Angela Merkel was poised Friday to become Germany's first female chancellor after her Christian Democrats sealed a deal with the Social Democrats to form a coalition government tasked with energizing Europe's largest economy and mending relations with the United States.

The agreement addresses unemployment and provides for tax increases. It came nearly two months after inconclusive elections forced the longtime opponents into talks on a "grand coalition" of Germany's biggest parties, the first such alliance since 1969.

"We want to make more of Germany and we, the two big parties, want with these policies to win back people's trust in the ability of politicians," said a beaming Merkel, 51, who will be the first chancellor from Germany's former communist east.

Outgoing Chancellor Gerhard Schroeder agreed in principle on Oct. 10 to form a coalition, on condition that his Social Democrats would have equal representation in Merkel's cabinet and key ministries such as foreign affairs and finance. That deal opened the way for drawn-out negotiations over joint policy that concluded Friday.

Part of the struggle was over how to plug a $41 billion budget deficit while boosting a chronically stagnant economy and reducing the country's 11 percent unemployment rate.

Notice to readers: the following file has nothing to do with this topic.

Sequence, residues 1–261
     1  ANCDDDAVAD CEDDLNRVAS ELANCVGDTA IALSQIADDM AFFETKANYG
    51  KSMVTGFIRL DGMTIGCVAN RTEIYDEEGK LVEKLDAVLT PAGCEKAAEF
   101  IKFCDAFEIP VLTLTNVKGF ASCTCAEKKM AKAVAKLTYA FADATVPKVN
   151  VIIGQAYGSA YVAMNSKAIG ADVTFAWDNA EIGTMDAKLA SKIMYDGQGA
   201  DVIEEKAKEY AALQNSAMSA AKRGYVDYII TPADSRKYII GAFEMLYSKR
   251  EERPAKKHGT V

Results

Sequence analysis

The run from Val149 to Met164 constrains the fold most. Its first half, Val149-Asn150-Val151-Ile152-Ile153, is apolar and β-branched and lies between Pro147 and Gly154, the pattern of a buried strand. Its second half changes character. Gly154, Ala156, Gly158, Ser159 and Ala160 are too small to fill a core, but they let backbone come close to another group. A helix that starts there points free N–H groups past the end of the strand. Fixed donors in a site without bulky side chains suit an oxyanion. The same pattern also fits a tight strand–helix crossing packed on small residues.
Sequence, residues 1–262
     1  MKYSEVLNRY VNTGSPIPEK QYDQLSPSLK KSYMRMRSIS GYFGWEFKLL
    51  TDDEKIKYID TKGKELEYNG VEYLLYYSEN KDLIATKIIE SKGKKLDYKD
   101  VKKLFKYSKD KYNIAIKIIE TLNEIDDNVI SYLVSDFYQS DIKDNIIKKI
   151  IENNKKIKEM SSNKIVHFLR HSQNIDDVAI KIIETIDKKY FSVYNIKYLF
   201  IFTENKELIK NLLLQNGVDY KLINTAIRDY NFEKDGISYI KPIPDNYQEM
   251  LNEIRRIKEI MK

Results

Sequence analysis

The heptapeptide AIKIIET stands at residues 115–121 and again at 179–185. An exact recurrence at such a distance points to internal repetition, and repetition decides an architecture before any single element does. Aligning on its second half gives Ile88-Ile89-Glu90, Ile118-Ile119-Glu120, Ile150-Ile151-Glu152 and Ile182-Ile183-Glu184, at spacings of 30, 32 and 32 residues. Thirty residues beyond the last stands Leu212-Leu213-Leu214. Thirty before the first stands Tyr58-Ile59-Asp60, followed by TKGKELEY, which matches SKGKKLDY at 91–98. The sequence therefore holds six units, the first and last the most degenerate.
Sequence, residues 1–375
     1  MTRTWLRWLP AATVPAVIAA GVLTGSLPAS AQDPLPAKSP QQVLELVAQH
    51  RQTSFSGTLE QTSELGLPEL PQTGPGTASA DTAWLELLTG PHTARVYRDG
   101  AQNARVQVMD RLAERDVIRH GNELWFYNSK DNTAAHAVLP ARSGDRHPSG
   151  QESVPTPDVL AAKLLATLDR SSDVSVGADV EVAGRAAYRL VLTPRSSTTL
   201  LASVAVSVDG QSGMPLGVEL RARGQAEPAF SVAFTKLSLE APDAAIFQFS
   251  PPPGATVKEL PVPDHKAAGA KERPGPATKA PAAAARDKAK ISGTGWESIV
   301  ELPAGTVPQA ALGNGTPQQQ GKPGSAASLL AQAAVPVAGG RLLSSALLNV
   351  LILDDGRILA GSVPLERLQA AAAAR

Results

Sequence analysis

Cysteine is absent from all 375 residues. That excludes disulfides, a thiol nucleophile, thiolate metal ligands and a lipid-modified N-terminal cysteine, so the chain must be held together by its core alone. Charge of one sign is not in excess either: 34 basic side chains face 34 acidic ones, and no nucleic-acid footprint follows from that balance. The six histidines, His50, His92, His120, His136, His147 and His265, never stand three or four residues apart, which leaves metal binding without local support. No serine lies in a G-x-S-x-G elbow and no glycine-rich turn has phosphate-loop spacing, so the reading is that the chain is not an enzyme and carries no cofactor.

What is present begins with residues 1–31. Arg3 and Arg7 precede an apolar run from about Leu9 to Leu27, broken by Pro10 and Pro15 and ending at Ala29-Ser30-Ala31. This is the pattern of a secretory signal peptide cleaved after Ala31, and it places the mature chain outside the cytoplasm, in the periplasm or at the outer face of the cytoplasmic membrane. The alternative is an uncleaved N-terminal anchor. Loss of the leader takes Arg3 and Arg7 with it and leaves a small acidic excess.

To that end, the two parties agreed to raise the retirement age, reduce a range of subsidies and loosen laws that make it difficult to fire workers, which industry says discourage hiring. The Christian Democrats fulfilled the Social Democrats' demand for a higher income tax for top earners, raising it to 45 percent from 42 percent.

The value-added tax is set to rise to 19 percent from 16 percent in 2007, in part to reduce a payroll levy for unemployment insurance paid jointly by firms and workers. However, much of the money will go to shore up the budget, and contributions to the state pension system also are to rise.